There is a degree of logic to the overall arrangement. He begins with matters reported to him (1:10-6:20), starting with the basic issue of divisions-within the community itself, but primarily over against Paul-before picking up other forms of breakdown in community relationships (incest, litigation, prostitution). Beginning at 7:1, he takes up issues from their letter, very likely in the order they occur. But when he comes to a couple of matters dealing with worship (attending idol feasts and the abuse of tongues), he inserts two other matters of worship that he has information about (head coverings and abuse of the Lord's Table). He puts the issue of the resurrection at the end of his response to Spirit giftings, because it probably reflects the false theology (or spirituality) that is responsible for the Corinthians' attitudes on most of the other issues as well. He concludes with more practical matters in chapter 16.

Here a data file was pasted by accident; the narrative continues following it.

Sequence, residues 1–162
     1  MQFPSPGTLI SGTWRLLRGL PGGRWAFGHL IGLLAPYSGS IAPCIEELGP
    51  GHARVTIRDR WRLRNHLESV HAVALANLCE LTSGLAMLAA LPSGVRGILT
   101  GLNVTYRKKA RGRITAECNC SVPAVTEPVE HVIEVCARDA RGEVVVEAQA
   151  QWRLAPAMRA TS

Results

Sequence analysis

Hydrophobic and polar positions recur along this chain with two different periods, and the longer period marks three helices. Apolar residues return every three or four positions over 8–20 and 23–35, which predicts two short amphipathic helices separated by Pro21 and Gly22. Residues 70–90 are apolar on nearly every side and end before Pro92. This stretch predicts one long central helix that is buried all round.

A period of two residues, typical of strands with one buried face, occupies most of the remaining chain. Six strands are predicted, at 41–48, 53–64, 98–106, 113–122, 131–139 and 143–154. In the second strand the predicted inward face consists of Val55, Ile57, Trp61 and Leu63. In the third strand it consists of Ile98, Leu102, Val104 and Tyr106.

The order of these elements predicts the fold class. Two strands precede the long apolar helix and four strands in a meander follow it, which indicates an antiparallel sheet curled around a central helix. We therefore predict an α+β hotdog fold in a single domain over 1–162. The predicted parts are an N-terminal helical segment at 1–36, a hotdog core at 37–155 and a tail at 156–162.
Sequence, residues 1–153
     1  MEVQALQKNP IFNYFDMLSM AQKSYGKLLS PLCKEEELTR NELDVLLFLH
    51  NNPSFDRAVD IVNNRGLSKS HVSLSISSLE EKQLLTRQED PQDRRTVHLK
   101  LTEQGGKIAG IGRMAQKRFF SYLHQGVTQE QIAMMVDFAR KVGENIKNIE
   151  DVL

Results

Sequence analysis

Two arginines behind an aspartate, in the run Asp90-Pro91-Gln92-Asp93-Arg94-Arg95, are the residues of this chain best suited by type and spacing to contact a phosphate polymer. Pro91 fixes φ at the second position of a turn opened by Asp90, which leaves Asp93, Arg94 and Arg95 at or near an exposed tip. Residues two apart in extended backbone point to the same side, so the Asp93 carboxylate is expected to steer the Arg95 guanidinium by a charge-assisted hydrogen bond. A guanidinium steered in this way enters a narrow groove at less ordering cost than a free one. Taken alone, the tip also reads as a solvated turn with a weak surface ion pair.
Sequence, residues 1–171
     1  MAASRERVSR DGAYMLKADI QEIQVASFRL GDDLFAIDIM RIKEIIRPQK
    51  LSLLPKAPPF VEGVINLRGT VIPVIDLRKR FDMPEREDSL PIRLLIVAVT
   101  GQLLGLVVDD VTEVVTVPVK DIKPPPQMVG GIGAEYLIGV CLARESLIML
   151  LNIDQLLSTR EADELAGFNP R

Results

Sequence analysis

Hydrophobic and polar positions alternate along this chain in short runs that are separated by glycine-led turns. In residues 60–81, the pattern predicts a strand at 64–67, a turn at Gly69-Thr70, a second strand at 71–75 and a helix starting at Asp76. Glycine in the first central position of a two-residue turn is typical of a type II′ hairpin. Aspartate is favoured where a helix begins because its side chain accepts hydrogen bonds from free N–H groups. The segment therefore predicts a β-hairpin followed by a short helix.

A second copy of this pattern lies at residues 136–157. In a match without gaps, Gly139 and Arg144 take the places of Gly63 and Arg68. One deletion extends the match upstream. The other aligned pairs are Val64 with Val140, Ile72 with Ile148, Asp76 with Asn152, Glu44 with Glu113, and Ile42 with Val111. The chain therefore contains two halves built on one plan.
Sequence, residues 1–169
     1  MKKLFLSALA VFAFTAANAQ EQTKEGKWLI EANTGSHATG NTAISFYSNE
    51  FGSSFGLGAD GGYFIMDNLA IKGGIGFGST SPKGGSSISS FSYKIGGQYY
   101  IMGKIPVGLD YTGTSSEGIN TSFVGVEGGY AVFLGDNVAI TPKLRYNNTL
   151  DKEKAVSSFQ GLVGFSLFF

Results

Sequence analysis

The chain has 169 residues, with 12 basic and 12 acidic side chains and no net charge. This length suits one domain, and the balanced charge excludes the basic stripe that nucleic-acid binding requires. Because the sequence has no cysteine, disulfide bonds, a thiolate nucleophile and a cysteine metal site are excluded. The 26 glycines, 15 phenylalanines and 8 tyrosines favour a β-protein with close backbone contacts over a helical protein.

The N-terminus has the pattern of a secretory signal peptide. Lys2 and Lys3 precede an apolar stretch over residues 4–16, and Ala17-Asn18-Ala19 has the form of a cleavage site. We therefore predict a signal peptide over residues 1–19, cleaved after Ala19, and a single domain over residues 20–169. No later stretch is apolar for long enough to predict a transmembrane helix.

To read 1 Corinthians well, you need some understanding of the city where the Corinthian believers lived. After lying dormant for nearly a hundred years, Corinth was refounded by Julius Caesar in 44 B.C. as a Roman colony. Because of its strategic location for commerce both

north-south and east-west, by the time of Paul (one hundred years later) it had become the largest city in Roman Greece. By ancient standards it was a relatively new city, but it had quickly become cosmopolitan (having attracted people from all over the empire) and full of the nouveau riche. It was also very religious (all of the immigrants brought their deities), while at the same time morally decadent. So those who had become believers were from among this diverse population, both slave and free, Gentile and Jew (12:13), who brought a lot of their prior baggage with them to the Christian faith.